Answer: No, not all ramp tricks are lip tricks. As the name would suggest, only the tricks that happen on the lip of the ramp count as a lip trick. The defining factor is usually, has the skater used the coping for a stall or a grind during the process of this trick.
If the answer is yes, then it’s a lip trick. Even if the skater clears the ramp and does a flip trick, rotation or grab. So long as they combine that with a stall or grind on the coping, we count that as a lip trick.
So with that in mind, tricks like rotations, flip tricks and grabs which only make use of the ramp to get air are vert tricks but not lip tricks.
Answer: This is a difficult question to answer as every skater masters different kinds of tricks quicker than others. However, we aren’t going to sit here and tell you that all lip tricks are created equal either. There are a handful of lip tricks that to even an intermediate skater look simply unattainable.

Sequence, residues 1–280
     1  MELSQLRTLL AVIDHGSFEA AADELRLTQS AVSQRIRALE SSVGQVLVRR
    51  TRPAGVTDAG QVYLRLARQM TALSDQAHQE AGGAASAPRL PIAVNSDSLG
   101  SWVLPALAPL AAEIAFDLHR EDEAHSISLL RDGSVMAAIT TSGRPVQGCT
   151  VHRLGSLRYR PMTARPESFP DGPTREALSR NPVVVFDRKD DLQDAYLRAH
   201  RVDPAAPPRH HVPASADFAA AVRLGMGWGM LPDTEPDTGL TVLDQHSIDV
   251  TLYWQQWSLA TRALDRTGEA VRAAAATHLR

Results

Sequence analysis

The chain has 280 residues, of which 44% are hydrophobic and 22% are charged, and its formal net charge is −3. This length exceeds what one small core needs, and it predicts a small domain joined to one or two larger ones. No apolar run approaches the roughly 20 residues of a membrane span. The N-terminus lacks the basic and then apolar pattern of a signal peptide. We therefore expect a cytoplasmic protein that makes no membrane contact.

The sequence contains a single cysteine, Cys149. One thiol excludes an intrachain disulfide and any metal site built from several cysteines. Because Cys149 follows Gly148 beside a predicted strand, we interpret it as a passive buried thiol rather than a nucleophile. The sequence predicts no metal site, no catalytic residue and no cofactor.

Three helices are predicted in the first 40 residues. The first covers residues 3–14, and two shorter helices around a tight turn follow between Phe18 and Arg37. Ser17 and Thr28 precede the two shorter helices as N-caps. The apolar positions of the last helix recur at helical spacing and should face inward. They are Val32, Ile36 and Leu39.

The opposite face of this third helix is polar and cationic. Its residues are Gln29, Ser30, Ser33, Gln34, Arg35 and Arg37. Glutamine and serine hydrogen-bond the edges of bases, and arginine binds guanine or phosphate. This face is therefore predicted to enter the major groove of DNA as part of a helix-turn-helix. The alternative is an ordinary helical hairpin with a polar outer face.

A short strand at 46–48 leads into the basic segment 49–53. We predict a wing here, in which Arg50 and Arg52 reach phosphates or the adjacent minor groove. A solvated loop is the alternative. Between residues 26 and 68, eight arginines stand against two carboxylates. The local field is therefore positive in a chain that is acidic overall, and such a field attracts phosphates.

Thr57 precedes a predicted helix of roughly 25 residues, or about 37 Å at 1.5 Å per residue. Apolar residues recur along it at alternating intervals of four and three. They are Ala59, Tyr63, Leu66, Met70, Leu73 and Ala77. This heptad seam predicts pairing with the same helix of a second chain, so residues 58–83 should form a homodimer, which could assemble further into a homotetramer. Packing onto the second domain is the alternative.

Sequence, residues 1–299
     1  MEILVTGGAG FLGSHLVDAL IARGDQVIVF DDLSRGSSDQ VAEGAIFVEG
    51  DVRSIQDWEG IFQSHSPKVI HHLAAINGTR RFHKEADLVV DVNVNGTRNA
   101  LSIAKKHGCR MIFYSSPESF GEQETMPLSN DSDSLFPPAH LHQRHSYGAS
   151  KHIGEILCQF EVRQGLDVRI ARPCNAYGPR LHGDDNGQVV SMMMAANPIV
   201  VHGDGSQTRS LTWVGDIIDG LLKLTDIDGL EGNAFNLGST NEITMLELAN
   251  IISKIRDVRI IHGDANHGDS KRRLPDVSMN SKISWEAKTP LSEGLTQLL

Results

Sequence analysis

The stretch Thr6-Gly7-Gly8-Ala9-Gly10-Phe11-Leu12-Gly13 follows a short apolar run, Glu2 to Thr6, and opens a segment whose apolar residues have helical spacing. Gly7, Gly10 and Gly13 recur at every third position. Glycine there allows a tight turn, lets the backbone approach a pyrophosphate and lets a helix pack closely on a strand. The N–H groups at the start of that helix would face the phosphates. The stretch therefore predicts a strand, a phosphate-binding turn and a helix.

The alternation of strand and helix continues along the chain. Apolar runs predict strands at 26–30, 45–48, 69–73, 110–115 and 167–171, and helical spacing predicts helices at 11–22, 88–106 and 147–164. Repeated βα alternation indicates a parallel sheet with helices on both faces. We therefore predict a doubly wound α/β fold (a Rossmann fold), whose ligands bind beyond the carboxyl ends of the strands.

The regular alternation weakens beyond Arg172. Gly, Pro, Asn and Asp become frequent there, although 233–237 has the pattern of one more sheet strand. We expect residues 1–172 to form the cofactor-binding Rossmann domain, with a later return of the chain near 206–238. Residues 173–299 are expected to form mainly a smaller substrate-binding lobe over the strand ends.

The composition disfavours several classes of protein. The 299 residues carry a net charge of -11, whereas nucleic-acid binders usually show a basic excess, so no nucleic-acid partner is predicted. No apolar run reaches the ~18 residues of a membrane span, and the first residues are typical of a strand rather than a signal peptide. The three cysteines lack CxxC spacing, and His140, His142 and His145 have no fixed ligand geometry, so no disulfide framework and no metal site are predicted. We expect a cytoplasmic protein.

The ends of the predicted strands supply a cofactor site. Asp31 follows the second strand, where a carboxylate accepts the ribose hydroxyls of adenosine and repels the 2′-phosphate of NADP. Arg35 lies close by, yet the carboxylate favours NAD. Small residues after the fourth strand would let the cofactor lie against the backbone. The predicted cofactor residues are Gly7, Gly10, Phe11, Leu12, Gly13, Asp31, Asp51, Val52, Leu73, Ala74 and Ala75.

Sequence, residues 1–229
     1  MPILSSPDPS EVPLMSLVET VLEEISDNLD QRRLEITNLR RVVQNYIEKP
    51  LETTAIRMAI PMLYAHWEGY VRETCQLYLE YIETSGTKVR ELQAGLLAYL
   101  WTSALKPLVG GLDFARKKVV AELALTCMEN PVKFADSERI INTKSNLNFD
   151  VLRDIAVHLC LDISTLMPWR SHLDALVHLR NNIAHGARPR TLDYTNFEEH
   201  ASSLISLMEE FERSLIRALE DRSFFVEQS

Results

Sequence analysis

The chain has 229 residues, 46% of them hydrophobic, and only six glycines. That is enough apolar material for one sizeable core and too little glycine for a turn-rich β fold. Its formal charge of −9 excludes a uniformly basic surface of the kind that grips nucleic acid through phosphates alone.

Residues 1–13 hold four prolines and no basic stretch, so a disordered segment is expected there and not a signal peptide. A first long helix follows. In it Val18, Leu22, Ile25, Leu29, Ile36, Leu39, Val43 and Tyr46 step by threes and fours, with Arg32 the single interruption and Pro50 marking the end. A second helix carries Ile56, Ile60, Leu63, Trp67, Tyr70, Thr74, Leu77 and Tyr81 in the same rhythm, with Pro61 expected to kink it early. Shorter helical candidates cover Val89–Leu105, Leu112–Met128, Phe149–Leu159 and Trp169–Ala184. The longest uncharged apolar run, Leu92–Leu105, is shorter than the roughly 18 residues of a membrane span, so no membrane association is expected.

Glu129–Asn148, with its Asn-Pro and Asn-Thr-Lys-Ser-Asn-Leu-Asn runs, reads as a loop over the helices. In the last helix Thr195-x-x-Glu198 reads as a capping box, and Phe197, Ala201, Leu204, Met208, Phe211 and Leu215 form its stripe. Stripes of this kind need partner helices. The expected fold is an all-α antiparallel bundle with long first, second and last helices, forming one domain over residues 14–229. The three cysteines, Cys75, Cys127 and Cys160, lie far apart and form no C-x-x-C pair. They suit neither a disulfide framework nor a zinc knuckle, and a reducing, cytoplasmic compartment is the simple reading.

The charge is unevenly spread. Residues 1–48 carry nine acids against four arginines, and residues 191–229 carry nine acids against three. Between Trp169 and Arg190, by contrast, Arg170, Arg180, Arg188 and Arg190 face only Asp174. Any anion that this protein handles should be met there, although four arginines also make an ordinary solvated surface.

However, if we know enough about them to list them here, then you can rest assured that these tricks are doable if you commit yourself to learning them. Here is a list of the hardest lip tricks out there:
• BS Smith Stall/Grind
• Feeble Stall
• Backside Disaster
• Backside Tailstall
• Backside Pivot to fakie
• Blunt to fakie
Bear in mind that plenty of skaters add flips, grabs and rotations to these tricks but we are only listing the hardest standard lip tricks.
Answer: We would say that it depends on your comfort level. If you feel comfortable with big ramps and want to challenge yourself, there is nothing wrong with learning on a huge half pipe, quarter pipe or bowl.
However, what we would suggest is that if you want to workshop your tricks, especially in the beginning stages of your transition/vert journey, that you go for a mini-ramp. This allows you to practice pumping and maintain a certain level of flow, all the while keeping the risk of serious injury at a minimum.
So that is our guide explaining all there is know about the transition trick, the rock to fakie. What did you make of this article? Was this helpful and informative for you? What other tricks would you like to see us cover in the future. Let us know in the comments section below and as always, thank you for reading.